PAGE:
Best Budget Electric Skateboards: A Quick Buyer’s Guide

Hey Guys, David Here and I picked up a Yuneec
ego2 electric longboard to explore and enjoy the city before the winter takes over. And while budget electric skateboards like
mine definitely don’t compete directly against premium and popular board brands from boosted
or evolve. There’s no way I can afford to spend over
$1000 dollars on an electric skateboard today. So instead let’s look at some of the popular
budget electric skateboards and what sacrifices you’ll make over the premium brands. First of all, when I say budget options, I’m
really talking about the $400 to $700 range. As you really won’t be finding anything
under that unless you’re buying used or some other no name that hasn’t been tested
yet. So keep that in mind when I call these boards
budget. Some of the popular models in this budget
category include the Acton Blink boards, The Yuneec Ego 1 & 2, and the Backfire boards
that are commonly rebranded under various names. The main compromise you’ll usually get with
a budget electric skateboard is the motor. On my Ego 2 I cap out a maximum of 12mph,
which is the slowest of the bunch. It’s still quite fun without being too unsafe,
but even for someone like me who doesn’t really skateboarded there are times when I
would like to go a little bit faster. And while some of the other budget options
will go a little faster, you’re really not going to be the fastest one out there when
compared to the boosted or evolve boards that are available in more powerful and even dual
motor options for better hill climb and acceleration. On the positive note though since these budget
boards will have less powerful motors they usually be a little bit more efficient on
their travel range on a single battery charge. The Ego2 has a quoted maximum range of 18
miles but in the real world where I’m going up hills and constantly stop and going I get
closer 12 miles out of a charge. And as the battery gets older you’re just
going to get less and less out of a single charge. But even still the Ego2 has plenty of range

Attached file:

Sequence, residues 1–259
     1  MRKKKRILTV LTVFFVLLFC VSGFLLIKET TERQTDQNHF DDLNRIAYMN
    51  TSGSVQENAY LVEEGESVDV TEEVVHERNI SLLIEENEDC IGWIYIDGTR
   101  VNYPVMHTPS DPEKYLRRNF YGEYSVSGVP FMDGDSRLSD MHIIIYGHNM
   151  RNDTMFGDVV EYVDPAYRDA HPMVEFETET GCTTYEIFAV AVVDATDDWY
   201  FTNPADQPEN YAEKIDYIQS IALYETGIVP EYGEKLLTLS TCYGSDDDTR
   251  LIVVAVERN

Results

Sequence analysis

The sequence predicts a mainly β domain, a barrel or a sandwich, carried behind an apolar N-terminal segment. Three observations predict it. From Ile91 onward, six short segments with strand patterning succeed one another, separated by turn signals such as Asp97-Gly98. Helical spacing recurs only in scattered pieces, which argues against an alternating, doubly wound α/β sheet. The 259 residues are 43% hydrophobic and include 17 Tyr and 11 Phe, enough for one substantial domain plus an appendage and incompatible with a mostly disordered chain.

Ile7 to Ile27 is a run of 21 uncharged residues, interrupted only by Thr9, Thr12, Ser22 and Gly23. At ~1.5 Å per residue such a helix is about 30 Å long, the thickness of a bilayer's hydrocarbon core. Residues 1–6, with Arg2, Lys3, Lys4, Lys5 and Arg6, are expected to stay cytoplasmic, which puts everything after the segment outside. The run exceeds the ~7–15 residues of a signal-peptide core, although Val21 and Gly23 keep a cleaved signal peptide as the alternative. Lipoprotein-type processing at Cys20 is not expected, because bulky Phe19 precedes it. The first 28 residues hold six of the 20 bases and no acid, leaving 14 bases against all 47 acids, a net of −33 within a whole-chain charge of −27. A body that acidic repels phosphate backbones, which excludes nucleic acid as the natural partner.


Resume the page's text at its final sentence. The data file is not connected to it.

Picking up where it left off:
to get me where I want to go and back so I have no complaints on that end but on a board
that only has a quoted 5-6 miles of range like a blink board or even a boosted I could
see myself running on empty a lot. Another thing to consider is weight. The Ego2 comes in at 15 lbs, which is average
compared to other boards. Okay for holding once in a while but quickly
become tiresome to carry for long periods of time so you’ll want a bag or avoid bringing
this on commutes where you need to carry it by hand a lot. But if you do need a board to carry the Acton
blink boards are much lighter and smaller so they may work but you make the sacrifice
on range. And then there’s the warranty and support
for the product. And I think this is probably a big reason
people are willing to pay a premium on electric skateboards right now. These products are still relatively new and
have a lot of electronics that are prone to failure from the motor to the speed controller. So keep that in mind because a great product
can turn into a big paper weight pretty quickly so you’ll want to buy from somewhere you
trust and has a somewhat decent warranty, but so far I haven’t had any issues with
my board. So those are the basic specs I look for in
a board but there’s actually a lot more features I consider in an electric skateboard
but they are more of a personal preference than anything. The deck style on my ego 2 is a longboard
with a kick tail that makes maneuvering a little easier for me than a typical longboard. The board also supports regenerative braking
so on paths with a lot of hills I’ll be able to get more distance out of single charge. The drivetrain on my board only supports going
forward or braking. So no motorized reverse operation here. If the device is off or out of power there’s
a little resistance on the wheel but you can still push off manually easily enough without
using the motor. Some boards will have the motor built into
wheel hubs but on my ego 2 they are externally attached to the trucks so they protrude a
bit and you’ll need to watch out for bumps and curves that can hit these devices but
the assemble on my board is pretty well protected to prevent damage during typical usage. And then finally while I don’t recommend
riding these through rain or snow, having a board with some water protection helps when
that unexpected puddle appears. So in the end there are a couple great budget
options for skateboards today without too many compromises but if you can wait and I
would definitely recommend you do as the market is still pretty new and there are dozens of
other models coming out through independent makers and kickstarter projects that will
be really interesting to see coming out in new year. But if you can’t wait, budget electric skateboards
board like my ego 2 can be a total blast to ride while the weather is still warm. Hope you guys you guys enjoy this one. You know what to do. And I’ll see you in the next video.

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